“Chappaquiddick”: A Film Review

Posted: May 14th, 2018 | Filed under: Cinema | No Comments »

Those who were around and of age, members of my generation, the War Baby Generation, at least many of us, remain fascinated with the phenomenon that was the Kennedy’s, such a unique political force it became.

JFK was the first media age superstar president. His assassination in November ’63 is our “I remember exactly where I was” moment, more so even than 9/11.

Then there was brother Bobby’s ascension. And his assassination.

Then came the rise of last brother standing Teddy, insecure but haughty, a reluctant scion of the family. The machine was in place for him to seek the White House.

Then came Chappaquiddick. It’s the island off Martha’s Vineyard, where Kennedy, drunk, drove a car off a bridge after leaving a summertime celebration, killing the only passenger, a young woman, a former aide of brother Bobby’s, Mary Jo Kopechne.

Because of the accident and its still murky aftermath, Ted Kennedy’s presidential ambitions were scuttled, if not his political career as it turned out.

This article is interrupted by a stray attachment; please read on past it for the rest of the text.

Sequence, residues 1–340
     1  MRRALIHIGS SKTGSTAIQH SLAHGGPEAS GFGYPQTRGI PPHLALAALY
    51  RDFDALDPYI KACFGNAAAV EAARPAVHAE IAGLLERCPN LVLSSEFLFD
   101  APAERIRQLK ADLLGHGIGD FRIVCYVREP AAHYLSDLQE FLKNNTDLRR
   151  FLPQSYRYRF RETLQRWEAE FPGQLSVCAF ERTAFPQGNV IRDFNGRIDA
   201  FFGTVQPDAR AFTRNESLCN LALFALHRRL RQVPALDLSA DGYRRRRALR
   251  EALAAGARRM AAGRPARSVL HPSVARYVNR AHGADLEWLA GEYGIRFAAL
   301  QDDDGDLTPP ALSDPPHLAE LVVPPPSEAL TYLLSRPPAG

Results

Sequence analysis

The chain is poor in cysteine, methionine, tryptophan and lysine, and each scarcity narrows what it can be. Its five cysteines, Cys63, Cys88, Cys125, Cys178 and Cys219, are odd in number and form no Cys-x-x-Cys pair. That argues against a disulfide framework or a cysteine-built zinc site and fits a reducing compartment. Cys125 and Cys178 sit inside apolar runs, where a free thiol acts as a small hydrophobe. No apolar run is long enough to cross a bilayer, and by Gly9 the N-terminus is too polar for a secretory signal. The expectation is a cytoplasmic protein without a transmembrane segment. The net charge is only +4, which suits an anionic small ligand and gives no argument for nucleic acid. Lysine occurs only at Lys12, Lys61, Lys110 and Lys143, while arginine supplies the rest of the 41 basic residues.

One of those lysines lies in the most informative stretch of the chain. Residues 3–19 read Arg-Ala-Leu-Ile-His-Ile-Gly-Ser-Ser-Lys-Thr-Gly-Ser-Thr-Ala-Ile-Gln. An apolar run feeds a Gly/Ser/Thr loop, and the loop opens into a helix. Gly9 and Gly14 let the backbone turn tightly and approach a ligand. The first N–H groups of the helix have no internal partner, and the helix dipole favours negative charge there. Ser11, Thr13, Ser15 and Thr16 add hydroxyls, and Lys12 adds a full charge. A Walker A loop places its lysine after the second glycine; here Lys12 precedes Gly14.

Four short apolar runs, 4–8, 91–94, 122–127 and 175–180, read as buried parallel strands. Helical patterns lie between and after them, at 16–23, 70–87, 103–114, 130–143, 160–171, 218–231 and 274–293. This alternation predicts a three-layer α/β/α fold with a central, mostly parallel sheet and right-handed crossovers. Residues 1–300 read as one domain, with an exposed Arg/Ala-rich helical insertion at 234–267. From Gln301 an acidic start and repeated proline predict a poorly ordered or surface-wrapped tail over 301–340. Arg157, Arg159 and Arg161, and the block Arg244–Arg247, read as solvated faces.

This is not an easy film to watch. It is a crash course on the nature of power politics, the fixers, the machinations attendant to protect the famous, to propagate influence.

John Curran’s film also provides insight into the lengths the steamroller cabal of get it taken care of acolytes patriarch Joe Kennedy set in place for his sons would go to protect the “integrity” of the family. (I know, run on sentence.)

Jason Clarke’s portrayal of Ted Kennedy is insightful. One moment his insecurities and discomfort in the spotlight are manifest, he cowers before his father, who is frail, ailing from a stroke. The next he is berating a minion for not taking care of matters, then manipulating the local government officials.

Kennedy’s actions after the accident remain puzzling.

How the Kennedy family and its men handled the situation not so much.

Kopechne (Kate Mara) becomes a problem to be dealt with, not an unfortunate victim of an accident.

Because we weren’t in those rooms when the situation was being dealt with, we don’t know what really happened, don’t really know how true to life this film is?

But the telling seems pretty damn believable.

And I found it damn scary.

— c d kaplan



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